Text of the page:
What is Sanergy?
Providing quality sanitation facilities, efficient and effective waste collection services, and proper waste treatment in the slums of Kenya.
8 million people in the slums of Kenya, and 2.5 billion worldwide, lack access to adequate sanitation. High population density combined with the lack of basic access to clean water, sewage infrastructure, and resources makes the problem particularly acute in slums, with global slum population expected to double to 2 billion by 2030. Finally, the lack of proper waste removal and treatment options creates a tremendous source of environmental pollution.
Sanergy franchises a network of small-scale high-quality sanitation centers close to slumdwellers’ homes. The waste from these toilets is collected into sealed cartridges, rather than commonly used pits that are drained into waterways, and Sanergy collects the cartridges and provides clean, empty ones daily. The waste is removed from the community and brought to our central processing facility, where it is converted into organic fertilizer and electricity.
“Sanergy address the entire sanitation value chain. We make it profitable, and thus sustainable, to provide sanitation services in the slums.” – Joseph Atnafu, CTO of Sanergy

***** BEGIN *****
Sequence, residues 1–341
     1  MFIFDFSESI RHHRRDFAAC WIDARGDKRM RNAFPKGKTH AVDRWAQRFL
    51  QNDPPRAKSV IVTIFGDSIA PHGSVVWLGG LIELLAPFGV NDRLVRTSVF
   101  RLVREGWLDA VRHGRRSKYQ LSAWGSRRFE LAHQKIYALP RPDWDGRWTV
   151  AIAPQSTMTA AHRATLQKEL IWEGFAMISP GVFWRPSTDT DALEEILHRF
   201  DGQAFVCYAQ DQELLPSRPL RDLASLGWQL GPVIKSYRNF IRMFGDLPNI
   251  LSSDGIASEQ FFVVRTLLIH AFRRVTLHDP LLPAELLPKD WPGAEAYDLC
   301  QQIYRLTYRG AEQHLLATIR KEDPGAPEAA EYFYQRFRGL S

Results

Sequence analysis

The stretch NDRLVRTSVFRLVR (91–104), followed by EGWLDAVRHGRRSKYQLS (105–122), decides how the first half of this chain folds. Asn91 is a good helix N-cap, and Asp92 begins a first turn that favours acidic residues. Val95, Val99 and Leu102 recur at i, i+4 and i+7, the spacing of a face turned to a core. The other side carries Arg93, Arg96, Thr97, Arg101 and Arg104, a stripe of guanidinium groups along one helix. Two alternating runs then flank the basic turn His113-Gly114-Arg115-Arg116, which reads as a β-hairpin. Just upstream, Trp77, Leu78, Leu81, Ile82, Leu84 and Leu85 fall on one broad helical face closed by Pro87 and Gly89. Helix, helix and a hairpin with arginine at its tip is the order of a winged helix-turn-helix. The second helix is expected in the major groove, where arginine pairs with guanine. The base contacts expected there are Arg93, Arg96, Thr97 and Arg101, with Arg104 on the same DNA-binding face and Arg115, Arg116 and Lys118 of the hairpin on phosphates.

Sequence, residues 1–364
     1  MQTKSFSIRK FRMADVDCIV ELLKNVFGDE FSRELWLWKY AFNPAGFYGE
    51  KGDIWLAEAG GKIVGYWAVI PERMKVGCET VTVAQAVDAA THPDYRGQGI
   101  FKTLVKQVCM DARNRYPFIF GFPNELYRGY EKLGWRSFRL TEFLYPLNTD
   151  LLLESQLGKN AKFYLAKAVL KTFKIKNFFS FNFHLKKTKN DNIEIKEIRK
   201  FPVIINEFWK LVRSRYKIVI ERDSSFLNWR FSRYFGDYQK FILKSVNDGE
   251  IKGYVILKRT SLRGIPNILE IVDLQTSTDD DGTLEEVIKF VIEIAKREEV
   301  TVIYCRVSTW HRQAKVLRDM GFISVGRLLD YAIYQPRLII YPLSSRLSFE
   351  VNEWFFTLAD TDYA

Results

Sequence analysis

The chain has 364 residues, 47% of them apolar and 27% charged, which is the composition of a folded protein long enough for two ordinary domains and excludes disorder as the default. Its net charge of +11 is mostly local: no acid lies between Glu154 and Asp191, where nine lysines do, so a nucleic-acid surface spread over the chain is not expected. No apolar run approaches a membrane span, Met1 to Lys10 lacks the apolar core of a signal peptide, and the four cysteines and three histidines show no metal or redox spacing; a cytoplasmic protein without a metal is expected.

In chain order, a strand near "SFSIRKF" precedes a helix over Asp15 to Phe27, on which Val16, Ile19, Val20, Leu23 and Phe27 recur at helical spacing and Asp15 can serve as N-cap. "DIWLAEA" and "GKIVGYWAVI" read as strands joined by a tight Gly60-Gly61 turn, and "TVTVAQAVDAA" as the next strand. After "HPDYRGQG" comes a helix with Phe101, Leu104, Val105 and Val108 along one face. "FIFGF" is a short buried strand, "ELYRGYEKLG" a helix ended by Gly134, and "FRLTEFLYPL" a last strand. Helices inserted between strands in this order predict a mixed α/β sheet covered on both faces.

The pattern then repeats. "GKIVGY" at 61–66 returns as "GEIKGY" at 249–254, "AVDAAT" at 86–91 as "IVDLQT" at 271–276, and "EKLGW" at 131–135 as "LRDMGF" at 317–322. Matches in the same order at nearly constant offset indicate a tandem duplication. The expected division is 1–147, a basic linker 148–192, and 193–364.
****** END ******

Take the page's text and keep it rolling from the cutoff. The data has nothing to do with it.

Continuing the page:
The long-term objective is to build and scale viable sanitation infrastructure in the slums of Kenya. Sanergy will bring dignified, hygienic, affordable, and convenient sanitation to 500,000 Kenyans in the next 5 years. At each step, Sanergy creates jobs and opportunity while simultaneously addressing serious social needs.
“At Sanergy we are working to permanently reduce the incidence of sanitation related disease in Kenya’s slums by making hygienic sanitation accessible, affordable, and sustainable.” – Joseph Atnafu, CTO of Sanergy
LAUNCH Innovator Sanergy is featured in USAID's Frontines publication.
Sanergy hosts a marketing event in a Kenyan community to generate demand for its low-cost, hygienic sanitation centers. The toilet facilities are proving to be one solution to the long-standing problem of sanitation in developing countries.